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The Center for Global Development convened a high level panel on the future of multilateral development banking in 2015. The geographically diverse group includes leading voices from the private sector and academia, as well as those with distinguished careers in the public sector. By bringing together a group that broadly reflects the diversity of the MDBs’ shareholder countries, we expect to provide useful guidance to the policy community at a time of considerable change for the MDBs. The panel's work has culminated in a report to the shareholders of the MDB system with five key recommendations.
Find CGD’s previous work on the future of the World Bank here.
The multilateral development banking model, first introduced 70 years ago at Bretton Woods, has proven to be remarkably durable. The innovation at the time, embodied in the International Bank for Reconstruction and Development (IBRD), was to capitalize a multilateral institution with public funds from shareholder governments, so that the “bank” could leverage those funds through private borrowing and lend the proceeds to member countries for “development” purposes.
The basic model is still with us today in the IBRD and has been replicated elsewhere, reflected in the rise of regionally based multilateral development banks (MDBs). Not only has multilateral development banking lasted more than seven decades, it seems to be enjoying a renaissance. The traditional multilateral development banks have all seen shareholder-led expansions of their capital within the past five years, other regional development banks have grown significantly (from the CAF in Latin America to the Saudi-based Islamic Development Bank to the EU’s massive European Investment Bank), and perhaps most significant, a new generation of institutions has emerged, largely spearheaded by the Chinese government, along with other large emerging-market governments.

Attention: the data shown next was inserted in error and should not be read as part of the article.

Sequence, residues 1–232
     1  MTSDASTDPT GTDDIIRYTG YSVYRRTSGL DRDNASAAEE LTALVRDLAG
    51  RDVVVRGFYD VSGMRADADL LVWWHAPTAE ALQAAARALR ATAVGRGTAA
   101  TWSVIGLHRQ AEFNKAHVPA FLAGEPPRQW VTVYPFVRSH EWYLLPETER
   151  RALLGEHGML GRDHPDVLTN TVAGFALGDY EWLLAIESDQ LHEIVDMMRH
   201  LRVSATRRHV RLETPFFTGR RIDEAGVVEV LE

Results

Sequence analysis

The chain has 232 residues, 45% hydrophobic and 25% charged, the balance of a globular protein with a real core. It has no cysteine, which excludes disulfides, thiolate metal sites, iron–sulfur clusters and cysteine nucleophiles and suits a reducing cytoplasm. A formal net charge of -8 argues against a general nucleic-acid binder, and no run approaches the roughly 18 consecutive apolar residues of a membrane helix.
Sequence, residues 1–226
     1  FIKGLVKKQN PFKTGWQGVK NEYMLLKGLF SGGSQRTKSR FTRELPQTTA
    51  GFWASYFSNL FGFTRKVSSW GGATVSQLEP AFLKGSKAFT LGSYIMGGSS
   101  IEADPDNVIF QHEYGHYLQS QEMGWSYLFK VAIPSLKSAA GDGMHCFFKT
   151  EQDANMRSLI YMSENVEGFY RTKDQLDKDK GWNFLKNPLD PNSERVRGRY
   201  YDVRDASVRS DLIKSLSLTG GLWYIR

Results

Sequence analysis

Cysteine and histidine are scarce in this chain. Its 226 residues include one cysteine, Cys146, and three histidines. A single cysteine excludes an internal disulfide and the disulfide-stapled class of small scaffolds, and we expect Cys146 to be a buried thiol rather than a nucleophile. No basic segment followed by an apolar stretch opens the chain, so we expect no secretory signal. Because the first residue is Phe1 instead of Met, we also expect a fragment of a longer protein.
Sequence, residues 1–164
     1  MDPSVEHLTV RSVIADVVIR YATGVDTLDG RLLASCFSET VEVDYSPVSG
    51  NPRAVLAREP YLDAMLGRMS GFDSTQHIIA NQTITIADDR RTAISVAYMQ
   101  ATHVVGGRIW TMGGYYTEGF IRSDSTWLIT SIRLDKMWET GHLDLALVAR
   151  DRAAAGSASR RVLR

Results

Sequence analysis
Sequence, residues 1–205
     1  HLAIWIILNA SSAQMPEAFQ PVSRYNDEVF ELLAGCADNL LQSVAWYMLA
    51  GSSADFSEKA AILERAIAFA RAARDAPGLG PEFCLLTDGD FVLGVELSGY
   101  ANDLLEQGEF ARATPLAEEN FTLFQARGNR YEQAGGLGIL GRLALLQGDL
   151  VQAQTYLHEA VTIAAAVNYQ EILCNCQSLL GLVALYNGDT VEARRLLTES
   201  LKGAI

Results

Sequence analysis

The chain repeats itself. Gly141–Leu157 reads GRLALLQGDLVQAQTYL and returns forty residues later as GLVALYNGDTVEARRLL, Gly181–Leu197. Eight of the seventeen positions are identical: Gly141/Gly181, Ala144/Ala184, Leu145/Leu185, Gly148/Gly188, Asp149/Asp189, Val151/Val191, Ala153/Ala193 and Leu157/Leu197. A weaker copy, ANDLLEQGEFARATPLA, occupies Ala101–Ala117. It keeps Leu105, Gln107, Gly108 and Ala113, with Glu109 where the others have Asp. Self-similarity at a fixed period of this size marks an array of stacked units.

How can the international community best capitalize on the resurgent MDBs? What are the core missions that should guide their activities? How big should they be, and how should they deploy their resources? What “rules of the road” should they follow when it comes to environmental standards and procurement rules? How are they best governed to ensure their legitimacy and effectiveness?
The high level panel report addresses these fundamental questions as part of an effort to provide a new policy blueprint for multilateral development banks, both new and old. Starting with the basic elements of financing and governance first defined seventy years ago, the panel's report identifies what is essential, what is adaptable, and what no longer serves a useful purpose in MDBs.
Montek Singh Ahluwalia, Distinguished Visiting Professor Stern School of Business, New York University
Lawrence H. Summers, Charles W. Eliot University Professor and President Emeritus, Harvard University
Andrés Velasco, Professor of Professional Practice in International Development, School of International and Public Affairs, Columbia University
Caroline Anstey, Global Head UBS and Society, UBS
Afsaneh M. Beschloss, Founder, President and CEO, The Rock Creek Group
Chris Elias, President, Global Development Program, The Bill & Melinda Gates Foundation
We visited the AIIB a few weeks ago, and heard more about the emerging AIIB model: What is likely to be the same—as at the five big legacy banks (the World Bank and the four regional development banks) and what is likely to be different.
The multilateral development banking (MDB) system is regarded as having been remarkably successful—but is the model still fit for purpose? CGD president Nancy Birdsall and senior fellow Scott Morris delve into a new CGD report's recommendations on how to make MDBs more effective.
In the face of growing U.S. indifference to multilateral development institutions, China is stepping up. The circumstances around the creation of the Asian Infrastructure Investment Bank (AIIB) have usefully brought to light a longer trend that will ultimately lead to a diminution of U.S. leadership in the multilateral development system.
The multilateral development banking system is due for a major overhaul, according to a high-level panel assembled by the Center for Global Development. Institutions including the World Bank and regional MDBs need to recalibrate their missions, rethink their values, and work better as a collective system if they are to stay relevant, participants in the project concluded. The World Bank, the expert panel said, should establish “global public goods,” beneficial resources such as clean air or a stable climate, which can only be managed through cooperation.
Lawrence H Summers, former US Treasury Secretary, Harvard professor, and the CGD Board Chair, explains why the World Bank and the regional multilateral development banks (MDBs) are well-placed to help address some of today’s urgent problems, including climate change, pandemics, and the problems of large-scale forced migration.